Sadie Hoagland’s new book “American Grief in Four Stages,” a collection of short fiction, asks the question: why does our country do so little for the bereaved? Why do we have only empty cliché to address the grief of others? Why do we expect people to just "get over" insurmountable tragedy?
“American Grief in Four Stages” imagines trauma as a space in which language fails us and narrative escapes us. These stories play with form and explore the impossibility of elegy and the inability of our culture to communicate grief, or sympathy, outside of cliché.
One narrator, for example, tries to understand her brother’s suicide by excavating his use of idioms. Other stories construe grief and trauma in much subtler ways—the passing of an era or of a daughter’s childhood, the seduction of a neighbor, the inability to have children. From a dinner party with Aztecs to an elderly shut-in’s recollection of her role in the Salem witch trials, these are stories that defy expectations and enrich the imagination. As a whole, this collection asks the reader to envisage the ways in which we suffer as both unbearably painful and unbearably American.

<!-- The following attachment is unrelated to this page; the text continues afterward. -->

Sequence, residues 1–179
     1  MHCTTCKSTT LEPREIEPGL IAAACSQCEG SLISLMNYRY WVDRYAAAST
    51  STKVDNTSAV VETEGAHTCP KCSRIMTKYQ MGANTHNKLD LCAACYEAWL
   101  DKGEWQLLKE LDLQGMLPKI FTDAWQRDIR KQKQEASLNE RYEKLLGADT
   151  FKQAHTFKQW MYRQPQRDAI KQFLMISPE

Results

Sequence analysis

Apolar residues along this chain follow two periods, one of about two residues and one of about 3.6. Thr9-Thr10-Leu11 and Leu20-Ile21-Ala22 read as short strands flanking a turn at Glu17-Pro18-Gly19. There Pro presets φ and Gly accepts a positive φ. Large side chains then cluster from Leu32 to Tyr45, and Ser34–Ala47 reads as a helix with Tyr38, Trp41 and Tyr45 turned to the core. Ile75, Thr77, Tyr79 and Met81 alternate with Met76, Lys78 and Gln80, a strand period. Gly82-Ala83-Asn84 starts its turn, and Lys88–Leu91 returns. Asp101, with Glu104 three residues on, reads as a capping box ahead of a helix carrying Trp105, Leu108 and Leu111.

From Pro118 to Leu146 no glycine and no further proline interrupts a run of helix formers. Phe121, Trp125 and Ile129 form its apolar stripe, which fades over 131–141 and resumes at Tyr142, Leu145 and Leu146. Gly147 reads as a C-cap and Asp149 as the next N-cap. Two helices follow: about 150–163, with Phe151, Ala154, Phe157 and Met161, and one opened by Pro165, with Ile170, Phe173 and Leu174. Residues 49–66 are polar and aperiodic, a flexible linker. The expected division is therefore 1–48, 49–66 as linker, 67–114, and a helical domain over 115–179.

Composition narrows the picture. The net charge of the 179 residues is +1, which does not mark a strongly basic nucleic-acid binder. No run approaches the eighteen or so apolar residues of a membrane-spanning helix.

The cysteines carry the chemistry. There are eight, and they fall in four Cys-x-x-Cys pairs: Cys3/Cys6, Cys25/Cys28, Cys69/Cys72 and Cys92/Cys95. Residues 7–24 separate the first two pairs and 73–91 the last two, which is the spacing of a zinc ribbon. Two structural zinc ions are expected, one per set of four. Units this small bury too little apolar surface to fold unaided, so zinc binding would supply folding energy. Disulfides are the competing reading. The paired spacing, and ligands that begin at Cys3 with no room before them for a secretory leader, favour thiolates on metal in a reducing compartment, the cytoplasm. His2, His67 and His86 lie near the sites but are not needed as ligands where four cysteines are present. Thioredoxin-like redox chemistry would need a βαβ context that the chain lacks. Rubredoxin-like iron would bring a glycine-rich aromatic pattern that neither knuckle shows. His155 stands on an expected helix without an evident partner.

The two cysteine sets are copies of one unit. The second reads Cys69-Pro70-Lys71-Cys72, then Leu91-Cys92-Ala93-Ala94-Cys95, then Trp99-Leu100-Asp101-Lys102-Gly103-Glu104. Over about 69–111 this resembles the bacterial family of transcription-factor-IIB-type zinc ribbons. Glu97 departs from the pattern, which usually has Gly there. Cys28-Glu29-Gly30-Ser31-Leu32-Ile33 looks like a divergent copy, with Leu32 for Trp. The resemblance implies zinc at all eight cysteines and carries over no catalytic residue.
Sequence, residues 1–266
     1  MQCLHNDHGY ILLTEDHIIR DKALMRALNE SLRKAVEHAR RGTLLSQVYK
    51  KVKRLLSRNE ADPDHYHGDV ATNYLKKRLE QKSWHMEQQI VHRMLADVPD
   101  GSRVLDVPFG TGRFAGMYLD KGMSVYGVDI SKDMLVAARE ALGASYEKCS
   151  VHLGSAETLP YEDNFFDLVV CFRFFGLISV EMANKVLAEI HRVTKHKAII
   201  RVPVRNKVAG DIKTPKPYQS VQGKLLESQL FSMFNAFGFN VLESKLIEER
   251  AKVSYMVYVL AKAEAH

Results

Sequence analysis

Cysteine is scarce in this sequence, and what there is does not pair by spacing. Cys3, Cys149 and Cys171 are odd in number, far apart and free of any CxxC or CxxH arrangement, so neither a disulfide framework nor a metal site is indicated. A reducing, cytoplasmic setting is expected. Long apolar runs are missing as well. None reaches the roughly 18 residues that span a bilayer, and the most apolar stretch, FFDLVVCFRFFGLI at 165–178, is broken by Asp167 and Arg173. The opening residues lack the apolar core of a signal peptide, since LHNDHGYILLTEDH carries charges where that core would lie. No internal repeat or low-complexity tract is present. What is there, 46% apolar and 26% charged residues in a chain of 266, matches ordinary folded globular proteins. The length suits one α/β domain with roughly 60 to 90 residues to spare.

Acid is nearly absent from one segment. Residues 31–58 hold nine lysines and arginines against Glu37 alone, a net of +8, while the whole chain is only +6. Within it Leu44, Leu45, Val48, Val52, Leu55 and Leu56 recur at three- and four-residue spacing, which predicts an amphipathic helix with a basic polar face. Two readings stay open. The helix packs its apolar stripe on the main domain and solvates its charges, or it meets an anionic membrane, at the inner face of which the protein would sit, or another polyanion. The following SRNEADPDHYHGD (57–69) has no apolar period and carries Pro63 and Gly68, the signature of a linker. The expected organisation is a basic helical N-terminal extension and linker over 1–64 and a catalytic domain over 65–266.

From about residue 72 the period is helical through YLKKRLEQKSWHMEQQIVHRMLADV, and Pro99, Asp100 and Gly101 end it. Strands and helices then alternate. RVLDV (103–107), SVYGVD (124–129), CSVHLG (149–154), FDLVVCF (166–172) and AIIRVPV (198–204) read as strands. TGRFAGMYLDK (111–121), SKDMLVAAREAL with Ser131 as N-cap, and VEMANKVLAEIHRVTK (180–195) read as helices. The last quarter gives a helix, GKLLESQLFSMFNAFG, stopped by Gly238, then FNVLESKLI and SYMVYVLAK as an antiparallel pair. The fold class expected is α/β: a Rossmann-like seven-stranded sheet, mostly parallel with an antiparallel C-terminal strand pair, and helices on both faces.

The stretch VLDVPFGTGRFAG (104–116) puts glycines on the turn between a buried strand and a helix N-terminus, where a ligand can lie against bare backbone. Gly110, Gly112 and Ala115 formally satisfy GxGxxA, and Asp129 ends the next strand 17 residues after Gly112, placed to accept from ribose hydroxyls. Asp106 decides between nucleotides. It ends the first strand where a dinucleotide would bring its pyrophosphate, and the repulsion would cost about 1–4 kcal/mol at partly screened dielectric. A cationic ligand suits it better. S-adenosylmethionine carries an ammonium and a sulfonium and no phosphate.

Sadie Hoagland is a fiction writer based in Louisiana. She has a PhD in fiction from the University of Utah and an MA in Creative Writing/Fiction from UC Davis. Her work has appeared or is forthcoming in The Alice Blue Review, The Black Herald, Mikrokosmos Journal, South Dakota Review, Sakura Review, Grist Journal, Oyez Review, Passages North, Five Points, The Fabulist, South Carolina Review and elsewhere. She is a former editor of Quarterly West, and currently teaches fiction at the University of Louisiana at Lafayette. Follow her on Facebook at Sadie Hoagland.